More challenging movements please

If someone asked for more challenging movements, what would those be?

Challenging in terms of flexibility, mayhaps? For example, by being required to place both legs behind the head, doing the splits, or folding the hands behind one’s back for prayer?

Challenging for strength, like handstand push-ups or one legged squats? Or challenging in terms of balance? For example circles of the pelvis and head, while standing on one leg?

Challenging for memory and muscle memory? Like a piano player being able to produce a difficult and long piece of sheet music from memory? Or a stage actor who faultlessly produces a long text from memory? A movement lesson with a hundred different moves?

Maybe challenging would mean the ability to stay focused, or maybe even awake? Or maybe, challenging for the ability to feel and sense small differences?

Challenging in cultural or ethical aspects? Movements that would seem indecent, like reaching down to touch ones sit-bones, or sliding the tongue in circles over the teeth or lips with an open mouth, or for example a twerk, movements of the buttocks, maybe even in a sensual fashion, that some would judge to be sexually provocative?

Or challenging in terms of pain, like finding a way to do joint movements without discomfort, for someone who is crippled by osteoarthritis or gout?

What is a challenge, to whom?

Labor pains in movement-literacy

“The cure for the literacy crisis lies, in my opinion, in reading. Specifically, I am recommending a certain kind of reading—free voluntary reading (henceforth FVR). FVR means reading because you want to. For school-age children, FVR means no book report, no questions at the end of the chapter, and no looking up every vocabulary word. FVR means putting down a book you don’t like and choosing another one instead. It is the kind of reading highly literate people do all the time.” – The Power of Reading, Stephen Krashen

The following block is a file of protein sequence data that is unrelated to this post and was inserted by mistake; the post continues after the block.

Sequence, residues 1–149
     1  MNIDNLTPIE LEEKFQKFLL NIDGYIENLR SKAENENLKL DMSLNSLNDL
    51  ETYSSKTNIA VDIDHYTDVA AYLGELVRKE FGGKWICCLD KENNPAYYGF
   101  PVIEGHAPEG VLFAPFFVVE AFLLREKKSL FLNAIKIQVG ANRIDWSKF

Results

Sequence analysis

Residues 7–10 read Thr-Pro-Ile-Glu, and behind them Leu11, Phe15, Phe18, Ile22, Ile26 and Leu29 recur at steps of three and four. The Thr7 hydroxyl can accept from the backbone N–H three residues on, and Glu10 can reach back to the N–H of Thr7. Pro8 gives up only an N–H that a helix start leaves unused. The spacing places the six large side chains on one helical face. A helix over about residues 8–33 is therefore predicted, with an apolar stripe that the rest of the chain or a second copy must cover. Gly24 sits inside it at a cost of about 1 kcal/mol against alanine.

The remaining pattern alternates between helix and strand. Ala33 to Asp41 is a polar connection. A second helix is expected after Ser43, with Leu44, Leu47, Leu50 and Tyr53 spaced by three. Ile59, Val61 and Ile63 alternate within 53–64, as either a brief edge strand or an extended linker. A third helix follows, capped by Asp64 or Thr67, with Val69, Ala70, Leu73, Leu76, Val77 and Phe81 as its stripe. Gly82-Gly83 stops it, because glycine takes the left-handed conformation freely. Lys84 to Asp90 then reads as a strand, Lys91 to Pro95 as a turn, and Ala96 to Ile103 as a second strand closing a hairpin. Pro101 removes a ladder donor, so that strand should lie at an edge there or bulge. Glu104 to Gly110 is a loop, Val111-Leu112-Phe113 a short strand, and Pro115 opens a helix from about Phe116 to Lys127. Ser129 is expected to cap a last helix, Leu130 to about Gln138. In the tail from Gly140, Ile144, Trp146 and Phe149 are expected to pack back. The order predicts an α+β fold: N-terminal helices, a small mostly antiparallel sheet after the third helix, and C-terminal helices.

Maybe something similar could be said for the move… movement… movement-cy… mov-eracy… moveiracy… crisis. Ok, I need to look at this word first. I need to find the word for it, or make one up. Moveiracy, based on the Old French word “movier”, would that be it? Either way, let me start with literacy:

Literacy, in its broadest sense describes particular ways of thinking about and doing reading and writing with the purpose of understanding or expressing thoughts or ideas in written form. (Definition from Wikipedia)

Numeracy is the ability to understand, reason with, and to apply simple numerical concepts. (Definition from Wikipedia)

Movement is already a noun, but it does not hit the same mark as the terms literacy and numeracy. I’m looking for a word that in its broadest sense means to act in particular ways of moving, thinking, sensing and feeling to understand and express ourselves through physical movements that serve intent, purpose, that express the state of our nervous system, our expertise and accomplishments in movement learning, our history, identity, our belonging to a class or group; through movement, instead of words.

Heck, where’s the nail that can nail down that definition? It’s like making a sentence that makes sense, but instead of using words it’s movement. And when the left arm moves but the pelvis does not support this movement then the sentence sounds funny or lacks momentum and roots, or is part of a play, a jest, a twitch or twiddle… something like this.

So, hm, 🤔 am I missing something here? Is the crisis so big and so all-encompassing that we don’t even have the first word to describe it?